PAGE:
Trade is constantly on the move. This is how the trends lead from fast fashion to fair fashion. But which orientation has future potential? And how can stationary retailers hold their own against online retailing? Theresa Schleicher, trade expert at the Zukunftsinstitut and management of VORN Strategy Consulting, knows the answer to these questions and many others.

For the fourth time in a row you have published the Retail Report. What major changes has retail undergone during this period?

Theresa Schleicher, trade expert at Zukunftsinstitut and VORN Strategy Consulting management: “The retail landscape is under constant pressure. In the last years the handling of new technologies, the cooperation with big platforms like Zalando or Amazon and the confrontation with the values and wishes of the following Fridays-for-Future generation have been added. Retailers therefore have a lot to do and this has made the retail landscape more cooperative and collaborative in general – because few of them are able to face the number of challenges profitably on their own.

The Retail Report 2020 deals with topics such as instant shopping and playful stores. What innovative concept do you recommend for stationary retailers?

The current movement is quite exciting. According to current figures from the HDE (Handelsverband Deutschland), we can see that although retail space in stationary retail has not increased, the productivity per square metre has. This means that the experience per area is becoming more decisive. This creates new innovative strength and opportunities for the retail trade. Small, smart and playful retail formats are increasingly being added to large flagship stores. The trend of playful stores sketches the playful worlds of experience per square metre. One example is the Concept Store Showfields in New York, which presents various brands like in a department store. But instead of having a shelf for toothpaste, an entire bathroom was built for the show. The development of instant shopping, on the other hand, shows how retailers can secure their place in the customer’s everyday life with mobile shop space (in the form of autonomous supermarket cars or floating food retailers).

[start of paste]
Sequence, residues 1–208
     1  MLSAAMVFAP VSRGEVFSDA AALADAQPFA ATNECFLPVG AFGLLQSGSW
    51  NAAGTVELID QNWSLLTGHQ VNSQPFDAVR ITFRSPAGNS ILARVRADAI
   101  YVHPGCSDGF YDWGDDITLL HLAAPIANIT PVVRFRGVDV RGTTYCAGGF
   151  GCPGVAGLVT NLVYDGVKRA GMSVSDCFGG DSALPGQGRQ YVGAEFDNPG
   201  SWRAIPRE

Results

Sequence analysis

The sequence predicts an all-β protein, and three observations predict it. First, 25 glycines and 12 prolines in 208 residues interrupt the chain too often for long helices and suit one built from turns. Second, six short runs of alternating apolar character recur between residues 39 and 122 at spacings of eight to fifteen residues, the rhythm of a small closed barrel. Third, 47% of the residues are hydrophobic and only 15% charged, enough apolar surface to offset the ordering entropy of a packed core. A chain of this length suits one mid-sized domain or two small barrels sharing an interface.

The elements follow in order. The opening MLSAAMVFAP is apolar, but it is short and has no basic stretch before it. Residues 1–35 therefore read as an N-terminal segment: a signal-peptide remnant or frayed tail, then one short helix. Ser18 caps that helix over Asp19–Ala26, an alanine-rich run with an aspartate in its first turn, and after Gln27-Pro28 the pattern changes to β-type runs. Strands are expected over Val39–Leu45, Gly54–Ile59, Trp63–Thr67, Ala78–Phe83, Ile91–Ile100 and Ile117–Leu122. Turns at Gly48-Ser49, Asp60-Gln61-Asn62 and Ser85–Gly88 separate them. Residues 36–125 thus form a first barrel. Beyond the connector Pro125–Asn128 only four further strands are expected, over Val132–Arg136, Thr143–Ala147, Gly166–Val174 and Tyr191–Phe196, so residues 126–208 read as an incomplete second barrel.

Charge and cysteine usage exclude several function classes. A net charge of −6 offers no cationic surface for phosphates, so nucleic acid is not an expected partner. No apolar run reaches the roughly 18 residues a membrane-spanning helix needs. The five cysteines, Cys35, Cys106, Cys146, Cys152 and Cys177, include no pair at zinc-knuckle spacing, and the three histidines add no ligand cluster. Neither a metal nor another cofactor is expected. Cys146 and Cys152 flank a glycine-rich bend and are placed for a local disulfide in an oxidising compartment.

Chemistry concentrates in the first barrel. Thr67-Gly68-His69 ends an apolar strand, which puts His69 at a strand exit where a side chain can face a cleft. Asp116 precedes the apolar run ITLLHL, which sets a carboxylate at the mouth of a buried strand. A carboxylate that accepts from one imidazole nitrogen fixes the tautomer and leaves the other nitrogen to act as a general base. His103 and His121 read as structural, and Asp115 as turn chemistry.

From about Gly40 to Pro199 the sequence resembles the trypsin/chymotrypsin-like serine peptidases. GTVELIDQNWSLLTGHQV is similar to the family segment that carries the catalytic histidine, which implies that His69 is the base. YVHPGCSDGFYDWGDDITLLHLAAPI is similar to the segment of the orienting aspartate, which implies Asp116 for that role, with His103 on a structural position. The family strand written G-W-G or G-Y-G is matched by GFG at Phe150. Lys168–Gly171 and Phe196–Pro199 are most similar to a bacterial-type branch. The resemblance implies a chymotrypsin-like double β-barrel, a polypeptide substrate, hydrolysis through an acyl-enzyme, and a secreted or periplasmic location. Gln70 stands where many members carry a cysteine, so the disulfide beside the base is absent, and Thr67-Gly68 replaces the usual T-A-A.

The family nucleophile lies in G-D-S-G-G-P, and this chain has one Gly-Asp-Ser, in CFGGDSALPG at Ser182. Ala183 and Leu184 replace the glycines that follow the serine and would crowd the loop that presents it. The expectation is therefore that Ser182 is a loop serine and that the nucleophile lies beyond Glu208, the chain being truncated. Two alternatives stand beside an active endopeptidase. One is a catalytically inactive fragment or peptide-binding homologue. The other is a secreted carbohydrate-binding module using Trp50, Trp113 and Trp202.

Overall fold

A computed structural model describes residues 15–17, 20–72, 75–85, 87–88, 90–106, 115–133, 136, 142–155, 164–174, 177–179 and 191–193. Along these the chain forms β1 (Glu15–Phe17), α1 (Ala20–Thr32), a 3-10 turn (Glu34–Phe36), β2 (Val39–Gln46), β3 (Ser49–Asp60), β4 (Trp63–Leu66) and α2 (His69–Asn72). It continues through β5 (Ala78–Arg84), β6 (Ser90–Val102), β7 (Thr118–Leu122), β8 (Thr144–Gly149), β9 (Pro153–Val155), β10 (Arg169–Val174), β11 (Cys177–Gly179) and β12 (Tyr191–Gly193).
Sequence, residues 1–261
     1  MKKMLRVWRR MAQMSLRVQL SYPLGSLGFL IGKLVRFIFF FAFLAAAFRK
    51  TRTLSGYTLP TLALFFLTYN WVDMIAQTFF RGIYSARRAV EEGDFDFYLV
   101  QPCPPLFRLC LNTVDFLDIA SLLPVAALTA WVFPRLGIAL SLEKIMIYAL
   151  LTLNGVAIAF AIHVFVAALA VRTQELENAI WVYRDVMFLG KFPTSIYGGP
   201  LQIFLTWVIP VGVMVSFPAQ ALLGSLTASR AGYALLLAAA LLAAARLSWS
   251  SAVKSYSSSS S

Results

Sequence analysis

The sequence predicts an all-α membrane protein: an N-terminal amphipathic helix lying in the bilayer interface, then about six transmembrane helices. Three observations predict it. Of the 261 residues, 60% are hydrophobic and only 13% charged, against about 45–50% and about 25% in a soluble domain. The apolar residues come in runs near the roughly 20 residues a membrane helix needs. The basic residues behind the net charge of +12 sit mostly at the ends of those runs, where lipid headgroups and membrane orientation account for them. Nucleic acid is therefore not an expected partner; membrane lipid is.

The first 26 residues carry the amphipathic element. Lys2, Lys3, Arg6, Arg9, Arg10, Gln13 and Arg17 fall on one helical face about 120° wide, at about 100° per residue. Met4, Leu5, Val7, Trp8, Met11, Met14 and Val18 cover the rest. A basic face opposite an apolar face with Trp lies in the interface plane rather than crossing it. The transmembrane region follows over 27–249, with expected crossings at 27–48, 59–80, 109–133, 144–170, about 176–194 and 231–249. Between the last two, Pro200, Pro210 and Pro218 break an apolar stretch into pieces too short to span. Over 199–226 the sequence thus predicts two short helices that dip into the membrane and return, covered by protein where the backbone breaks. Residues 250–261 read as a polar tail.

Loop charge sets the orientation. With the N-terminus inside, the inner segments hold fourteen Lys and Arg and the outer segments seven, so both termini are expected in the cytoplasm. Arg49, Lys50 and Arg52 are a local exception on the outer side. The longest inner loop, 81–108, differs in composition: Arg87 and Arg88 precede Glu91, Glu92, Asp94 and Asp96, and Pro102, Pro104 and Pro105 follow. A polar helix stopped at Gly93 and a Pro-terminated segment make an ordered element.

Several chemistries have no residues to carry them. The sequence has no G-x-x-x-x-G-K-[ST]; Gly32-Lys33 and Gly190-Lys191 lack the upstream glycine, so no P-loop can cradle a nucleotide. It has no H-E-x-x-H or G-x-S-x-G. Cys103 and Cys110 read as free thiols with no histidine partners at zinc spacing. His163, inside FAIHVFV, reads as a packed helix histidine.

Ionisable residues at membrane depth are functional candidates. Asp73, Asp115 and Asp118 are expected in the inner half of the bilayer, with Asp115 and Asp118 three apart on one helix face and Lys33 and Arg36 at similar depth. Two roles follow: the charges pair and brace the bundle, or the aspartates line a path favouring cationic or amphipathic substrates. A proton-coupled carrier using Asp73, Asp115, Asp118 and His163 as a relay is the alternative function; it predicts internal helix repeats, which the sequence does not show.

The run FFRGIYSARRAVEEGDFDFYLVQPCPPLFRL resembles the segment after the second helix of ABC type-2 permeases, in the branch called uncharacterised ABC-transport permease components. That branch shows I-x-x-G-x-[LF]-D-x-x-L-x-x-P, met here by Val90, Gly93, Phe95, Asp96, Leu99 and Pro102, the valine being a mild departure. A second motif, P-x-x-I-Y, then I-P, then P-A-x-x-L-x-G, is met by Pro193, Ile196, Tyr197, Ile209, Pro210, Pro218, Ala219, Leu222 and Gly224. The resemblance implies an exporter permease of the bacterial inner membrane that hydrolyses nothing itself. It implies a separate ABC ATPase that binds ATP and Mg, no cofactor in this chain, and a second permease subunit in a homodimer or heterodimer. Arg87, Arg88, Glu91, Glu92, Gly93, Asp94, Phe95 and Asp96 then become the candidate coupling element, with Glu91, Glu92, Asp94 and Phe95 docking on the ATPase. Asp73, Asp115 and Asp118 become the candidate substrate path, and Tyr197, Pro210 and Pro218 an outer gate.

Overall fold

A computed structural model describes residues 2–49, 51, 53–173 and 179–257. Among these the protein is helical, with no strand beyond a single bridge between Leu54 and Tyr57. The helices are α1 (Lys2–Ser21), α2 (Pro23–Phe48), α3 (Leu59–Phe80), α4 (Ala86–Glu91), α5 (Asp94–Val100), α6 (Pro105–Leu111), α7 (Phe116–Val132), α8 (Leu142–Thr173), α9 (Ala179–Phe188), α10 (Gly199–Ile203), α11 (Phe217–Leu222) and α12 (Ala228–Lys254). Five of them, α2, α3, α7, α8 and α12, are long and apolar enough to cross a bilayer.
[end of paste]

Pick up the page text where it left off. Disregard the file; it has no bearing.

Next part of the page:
Who determines tomorrow’s trends?

That is increasingly difficult to say today. Ultimately, it is an interaction between society and the economy. Social trends are the cornerstone and determine the long-term success of new developments and trends. In the Zukunftsinstitut, these trends are called megatrends. By these we mean, for example, the search for individualization, new work or demographic change as well as increasing globalization. They lay the foundation for our sense of values and our innovative strength. This results in new trends as we know them today – in other words, the first innovative examples of companies. Fashion as well as product and zeitgeist trends are also increasingly influenced by the pressure of large disruptors such as Alibaba, JD or Amazon.

How do you advise stationary retailers to hold their own against online retailing?

The greatest success is currently achieved by those who do not see themselves as either-or and as competitors. By this I mean both online trading and stationary trading. In the future, it will be more and more important to work together to meet the challenges of logistics, experience, service, emotional closeness and uniqueness. Stationary retailers are therefore well advised to see themselves as part of a large retail experience ecosystem and to consider which retailers, service partners or gastronomy providers can be collaborated with in the future – online and offline.

What are the interests of Generation Z when it comes to the shopping experience? How can stationary retailers win Generation Z as customers?

Generation Z has clear ideas about retailers and new shopping experiences. For them, what counts most is transparency and the social and sustainable behaviour of the retailer. This means: I prefer less, but sustainable and quality-conscious collections and products.